Phthalocyanines are a class of compounds used as photosensitizers due to their chemical, electronic and spectroscopic properties, [38, 39] in particular, due to the intense absorption of these compounds in the therapeutic window and their ability to generate singlet oxygen in the presence of a light source.

Researchers have shown that the presence of heavy atom in the phthalocyanine structure favors the generation of singlet oxygen due to the increase in spin-orbital coupling and, consequently, the transition of the photosensitizer from an excited singlet state to a triplet state (intersystem crossing) [40, 41, 42]. In addition, the literature suggests that photooxidative mechanisms for singlet oxygen are usually more efficient due to their greater diffusibility and higher reaction rate constants with substrates [43, 44]. However, the metallophthalocyanines present limited solubility in certain solvents due to the symmetry of molecular structure, hamper their application in PDT. [29]

The chemical structure of phthalocyanines has been modified by introducing substitutes in the peripheral or non-peripheral positions of the phthalocyanine nucleus to reduce the molecule symmetry and consequently increase the polarity and solubility of the phthalocyanines. [41, 42] Besides, studies show that encapsulation improves the photodynamic efficiency of the photosensitizer, as well as decreases side effects such as photosensitivity of the skin after photodynamic treatment, and reduces molecular aggregation compared to phthalocyanines dissolved in aqueous medium. [5, 7, 8, 29, 45]

We have studied the photodynamic efficiency of different porphyrins and phthalocyanines encapsulated in polymeric nanoparticles (Figures 2-4). As an example, gallium phthalocyanine (GaPc - Figure 2A) and 1,4-(tetrakis[4-(benzyloxy)phenoxy] phthalocyaninato) indium(III) chloride (InTBPPc - Figure 4) are convenient photosensitizers for PDT. These compounds have high singlet oxygen (0.41 and 0.94, respectively) and triplet (0.69 and 0.97, respectively) quantum yield. However, InTBPPc has more interesting features for use in PDT. [29]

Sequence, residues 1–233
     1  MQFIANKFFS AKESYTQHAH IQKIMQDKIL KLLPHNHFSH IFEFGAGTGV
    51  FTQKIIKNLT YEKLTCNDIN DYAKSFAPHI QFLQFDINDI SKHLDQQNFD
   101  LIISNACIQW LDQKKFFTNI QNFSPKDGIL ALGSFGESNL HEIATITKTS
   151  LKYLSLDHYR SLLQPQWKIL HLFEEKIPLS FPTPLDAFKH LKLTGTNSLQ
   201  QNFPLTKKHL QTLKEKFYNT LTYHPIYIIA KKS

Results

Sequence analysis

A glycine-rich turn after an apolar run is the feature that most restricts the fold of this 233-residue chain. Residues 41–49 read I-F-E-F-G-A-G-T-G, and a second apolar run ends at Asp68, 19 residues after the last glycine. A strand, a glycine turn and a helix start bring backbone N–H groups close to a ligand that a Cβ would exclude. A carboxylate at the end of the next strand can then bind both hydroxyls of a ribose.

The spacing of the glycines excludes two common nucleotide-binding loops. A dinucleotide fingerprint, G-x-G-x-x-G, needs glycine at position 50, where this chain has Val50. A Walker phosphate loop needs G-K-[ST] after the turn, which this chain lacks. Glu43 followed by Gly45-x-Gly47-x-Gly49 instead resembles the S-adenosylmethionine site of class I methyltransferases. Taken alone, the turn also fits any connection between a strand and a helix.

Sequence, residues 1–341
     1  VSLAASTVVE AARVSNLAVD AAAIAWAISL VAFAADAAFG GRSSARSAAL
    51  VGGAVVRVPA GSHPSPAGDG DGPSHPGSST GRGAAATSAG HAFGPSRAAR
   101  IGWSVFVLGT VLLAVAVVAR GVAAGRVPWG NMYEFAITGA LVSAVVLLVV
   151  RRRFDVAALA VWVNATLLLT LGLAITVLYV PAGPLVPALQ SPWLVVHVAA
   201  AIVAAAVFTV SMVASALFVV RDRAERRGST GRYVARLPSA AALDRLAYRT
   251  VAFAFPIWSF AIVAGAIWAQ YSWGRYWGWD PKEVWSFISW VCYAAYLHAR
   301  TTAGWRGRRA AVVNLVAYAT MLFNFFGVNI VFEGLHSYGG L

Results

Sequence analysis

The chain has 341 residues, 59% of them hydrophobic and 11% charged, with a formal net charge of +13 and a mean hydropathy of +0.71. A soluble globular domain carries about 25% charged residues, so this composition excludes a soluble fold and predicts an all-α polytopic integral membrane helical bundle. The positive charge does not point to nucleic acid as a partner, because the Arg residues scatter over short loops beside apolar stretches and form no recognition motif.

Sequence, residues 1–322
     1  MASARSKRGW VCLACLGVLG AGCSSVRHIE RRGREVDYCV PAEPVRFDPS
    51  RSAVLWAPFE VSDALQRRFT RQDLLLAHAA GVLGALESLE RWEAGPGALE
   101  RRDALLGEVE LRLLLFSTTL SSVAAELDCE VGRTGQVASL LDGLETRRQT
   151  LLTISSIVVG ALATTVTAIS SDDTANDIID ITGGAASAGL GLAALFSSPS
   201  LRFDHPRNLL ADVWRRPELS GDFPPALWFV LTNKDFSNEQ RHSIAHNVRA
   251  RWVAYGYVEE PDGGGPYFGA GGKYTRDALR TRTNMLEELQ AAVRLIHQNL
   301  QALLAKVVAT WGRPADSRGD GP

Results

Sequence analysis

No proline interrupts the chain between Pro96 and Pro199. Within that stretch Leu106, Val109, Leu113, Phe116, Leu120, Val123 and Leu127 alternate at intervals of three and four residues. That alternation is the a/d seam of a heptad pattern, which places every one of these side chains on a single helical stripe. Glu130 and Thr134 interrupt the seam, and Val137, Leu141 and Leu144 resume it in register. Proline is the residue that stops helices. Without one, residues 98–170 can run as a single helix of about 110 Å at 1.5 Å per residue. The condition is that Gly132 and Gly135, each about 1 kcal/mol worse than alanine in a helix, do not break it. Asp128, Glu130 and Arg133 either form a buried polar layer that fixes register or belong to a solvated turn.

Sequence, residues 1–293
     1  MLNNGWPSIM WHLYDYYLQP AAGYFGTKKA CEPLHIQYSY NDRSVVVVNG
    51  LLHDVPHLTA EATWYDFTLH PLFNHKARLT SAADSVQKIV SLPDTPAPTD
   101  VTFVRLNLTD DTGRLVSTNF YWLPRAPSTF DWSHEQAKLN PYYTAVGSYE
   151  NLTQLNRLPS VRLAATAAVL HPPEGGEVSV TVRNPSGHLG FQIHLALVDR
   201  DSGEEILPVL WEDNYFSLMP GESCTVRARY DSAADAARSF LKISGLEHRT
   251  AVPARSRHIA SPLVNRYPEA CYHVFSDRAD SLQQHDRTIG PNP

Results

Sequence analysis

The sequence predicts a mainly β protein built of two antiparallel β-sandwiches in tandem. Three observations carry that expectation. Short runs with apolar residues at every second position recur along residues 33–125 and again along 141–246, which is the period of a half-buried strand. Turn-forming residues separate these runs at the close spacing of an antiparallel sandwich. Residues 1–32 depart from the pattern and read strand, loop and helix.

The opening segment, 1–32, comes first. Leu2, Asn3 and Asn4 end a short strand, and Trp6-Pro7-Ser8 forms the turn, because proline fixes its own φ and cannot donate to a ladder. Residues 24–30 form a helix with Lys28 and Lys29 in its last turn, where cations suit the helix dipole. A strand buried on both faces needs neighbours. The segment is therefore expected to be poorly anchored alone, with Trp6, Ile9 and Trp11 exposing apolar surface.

The photooxidation of simple molecules (as dimethylanthracene (DMA) and tryptophan (Trp)) was used to evaluate the photodynamic efficiency of each free and encapsulated phthalocyanines. It is notable that the asymmetry caused by (benzyloxy)phenoxy group in phthalocyanine seems to increase the photodegradation of InTBPPc, due to the greater solubility of the photosensitizer which favors the reduction of its aggregation state. The decrease in the aggregation state favors the generation of singlet oxygen and consequently, the efficacy of the free photosensitizer in photooxidizing simple molecules such as DMA and Trp, as well as the phthalocyanine photobleaching. [29] Therefore, free InTBPPc was more efficient than free GaPc in photooxidate DMA and Trp molecules, due to its lower aggregation state and the higher capacity of free InTBPPc to generate singlet oxygen. However, the encapsulated GaPc proved to be more efficient than the encapsulated InTBPPc in photooxidate the Trp molecules, corroborating that the encapsulation can enhance the photosensitizer photocytotoxicity and reduce the aggregation state of the free photosensitizer. [29]

We have demonstrated that the photocytotoxicity of encapsulated photosensitizers depends on the incubation time, the photosensitizer concentration and the laser power. [5, 7, 8, 16, 29] However, these observations cannot be considered a fact for all free or encapsulated photosensitizers due to their solubility characteristics, their states of aggregation and the influences of the parameters used in the nanoparticles preparation on the nanoparticulate properties. For example, the aggregation state of free InPc decreases the photodynamic efficiency of this photosensitizer, so that the viability of tumor cells is not altered by increasing the concentration and laser power. [7]